Department of Community and Economic Development Deputy Secretary for Community Affairs Rick Vilello talks about the 2020 Census in the Capitol. (Capital-Star photo by Sarah Anne Hughes)
One year before the next U.S. Census officially kicks off, a handful of Gov. Tom Wolf’s cabinet secretaries gathered in the Capitol on Monday to make the financial case for participating.
“It isn’t a Republican issue. It’s isn’t a Democrat issue,” Rick Vilello, Department of Community and Economic Development deputy secretary for community affairs, said. “Getting the count right affects so many different budgets.”
Human Services Secretary Teresa Miller said an accurate count of Pennsylvania’s population has “critical implications” for Medicaid, health insurance for children, food stamps, energy assistance funds, and childcare grants. Census data is also used to allocate funds for education programs like Head Start and reduced lunches, Education Secretary Pedro Rivera added.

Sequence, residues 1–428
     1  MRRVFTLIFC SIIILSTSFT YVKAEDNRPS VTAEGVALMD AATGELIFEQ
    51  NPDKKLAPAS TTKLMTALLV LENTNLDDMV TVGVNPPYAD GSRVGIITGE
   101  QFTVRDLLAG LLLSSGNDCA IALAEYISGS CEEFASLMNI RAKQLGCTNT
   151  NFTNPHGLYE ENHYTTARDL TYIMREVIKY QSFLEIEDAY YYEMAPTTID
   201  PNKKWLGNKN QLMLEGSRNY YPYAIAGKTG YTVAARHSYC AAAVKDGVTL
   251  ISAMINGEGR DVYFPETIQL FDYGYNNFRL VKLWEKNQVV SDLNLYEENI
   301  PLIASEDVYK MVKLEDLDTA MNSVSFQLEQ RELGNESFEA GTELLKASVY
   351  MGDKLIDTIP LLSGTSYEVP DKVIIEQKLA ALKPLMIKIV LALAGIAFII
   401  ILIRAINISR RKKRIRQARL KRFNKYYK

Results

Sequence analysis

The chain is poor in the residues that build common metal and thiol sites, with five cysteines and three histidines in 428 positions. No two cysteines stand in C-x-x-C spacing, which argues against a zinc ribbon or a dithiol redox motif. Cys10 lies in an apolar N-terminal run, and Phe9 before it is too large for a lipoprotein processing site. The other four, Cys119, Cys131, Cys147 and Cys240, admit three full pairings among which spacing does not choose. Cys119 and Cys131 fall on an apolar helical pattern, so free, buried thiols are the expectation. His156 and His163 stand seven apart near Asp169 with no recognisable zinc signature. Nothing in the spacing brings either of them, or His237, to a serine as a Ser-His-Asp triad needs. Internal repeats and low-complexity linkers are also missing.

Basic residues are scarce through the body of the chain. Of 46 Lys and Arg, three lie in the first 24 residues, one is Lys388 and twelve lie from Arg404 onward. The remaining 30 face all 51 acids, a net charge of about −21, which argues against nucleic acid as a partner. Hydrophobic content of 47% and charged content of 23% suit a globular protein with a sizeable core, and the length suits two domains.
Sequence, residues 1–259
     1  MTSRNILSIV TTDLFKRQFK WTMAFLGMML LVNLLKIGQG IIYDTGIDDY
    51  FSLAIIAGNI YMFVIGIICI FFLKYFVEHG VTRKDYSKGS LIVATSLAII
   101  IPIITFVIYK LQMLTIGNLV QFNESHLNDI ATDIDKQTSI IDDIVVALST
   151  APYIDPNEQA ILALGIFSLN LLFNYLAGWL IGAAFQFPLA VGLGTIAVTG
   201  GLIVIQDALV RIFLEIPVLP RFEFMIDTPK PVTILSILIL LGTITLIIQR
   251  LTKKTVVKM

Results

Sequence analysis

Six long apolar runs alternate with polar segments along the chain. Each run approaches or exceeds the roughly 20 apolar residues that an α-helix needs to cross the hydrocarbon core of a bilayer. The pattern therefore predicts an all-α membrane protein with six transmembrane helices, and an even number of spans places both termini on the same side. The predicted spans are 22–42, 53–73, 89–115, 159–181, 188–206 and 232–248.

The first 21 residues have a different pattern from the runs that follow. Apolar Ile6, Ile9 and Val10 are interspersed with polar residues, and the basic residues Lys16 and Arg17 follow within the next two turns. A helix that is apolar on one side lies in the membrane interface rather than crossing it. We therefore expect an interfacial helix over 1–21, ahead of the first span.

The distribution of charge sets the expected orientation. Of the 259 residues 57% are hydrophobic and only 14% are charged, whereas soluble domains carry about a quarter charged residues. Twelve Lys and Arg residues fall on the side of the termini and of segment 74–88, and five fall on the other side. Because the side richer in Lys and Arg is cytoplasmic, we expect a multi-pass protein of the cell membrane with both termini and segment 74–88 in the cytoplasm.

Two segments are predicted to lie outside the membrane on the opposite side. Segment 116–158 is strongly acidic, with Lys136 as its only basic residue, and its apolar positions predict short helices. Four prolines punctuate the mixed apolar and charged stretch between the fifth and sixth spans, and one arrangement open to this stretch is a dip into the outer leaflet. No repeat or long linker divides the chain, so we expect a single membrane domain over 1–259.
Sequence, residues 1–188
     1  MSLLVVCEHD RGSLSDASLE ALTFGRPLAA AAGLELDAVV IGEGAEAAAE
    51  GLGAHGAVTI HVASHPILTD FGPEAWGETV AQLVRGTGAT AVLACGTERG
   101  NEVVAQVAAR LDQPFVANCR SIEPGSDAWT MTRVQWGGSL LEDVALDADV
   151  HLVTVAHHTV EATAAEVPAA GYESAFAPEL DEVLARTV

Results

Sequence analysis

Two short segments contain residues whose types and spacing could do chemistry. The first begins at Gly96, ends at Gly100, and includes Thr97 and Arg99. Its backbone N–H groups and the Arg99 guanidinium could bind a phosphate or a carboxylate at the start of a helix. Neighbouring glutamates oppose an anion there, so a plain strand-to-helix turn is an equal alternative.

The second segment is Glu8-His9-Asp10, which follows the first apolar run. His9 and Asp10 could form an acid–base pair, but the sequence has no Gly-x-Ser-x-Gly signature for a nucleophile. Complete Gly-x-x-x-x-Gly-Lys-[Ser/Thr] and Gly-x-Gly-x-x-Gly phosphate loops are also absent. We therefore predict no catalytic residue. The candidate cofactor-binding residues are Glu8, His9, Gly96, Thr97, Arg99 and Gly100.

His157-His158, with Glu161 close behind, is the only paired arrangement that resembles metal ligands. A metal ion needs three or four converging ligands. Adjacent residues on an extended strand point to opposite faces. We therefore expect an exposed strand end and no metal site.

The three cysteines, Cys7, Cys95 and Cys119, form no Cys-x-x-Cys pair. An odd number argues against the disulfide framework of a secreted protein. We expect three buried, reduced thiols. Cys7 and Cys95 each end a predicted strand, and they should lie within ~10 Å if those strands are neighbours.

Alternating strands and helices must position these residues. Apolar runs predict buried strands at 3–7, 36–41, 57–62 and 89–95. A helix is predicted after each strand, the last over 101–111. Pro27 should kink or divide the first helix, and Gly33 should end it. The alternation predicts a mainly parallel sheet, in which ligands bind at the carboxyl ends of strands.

For the first time in its 200-plus-year history, the Census will largely be completed online in 2020, though participants will still have the option to use paper forms.
Sue Copella, director of the Pennsylvania State Data Center, said “the state loses funds and influence” when there isn’t a proper Census count. The commonwealth is at risk of losing at least one seat in the U.S. House of Representatives because of declining population.
Young children and rural residents are traditionally undercounted, Copella said, as are racial and ethnic minorities.
There is concern at both the state and national level that a question about citizenship proposed by the Trump administration could lead to widespread undercounting of Hispanics. The question is the subject of multiple lawsuits.
Vilello said there is concern in Pennsylvania about the question, but that the state will live with the results of a court decision.
“Our job is to get everyone counted. We’re waiting to see and just bringing all the partners to the table,” he said, adding that outreach will look different in areas like Lancaster and Reading — which have growing Hispanic populations — than in rural counties like Elk.
“You live with the undercount for 10 years,” Vilello said. “That’s significant dollars across the state.”
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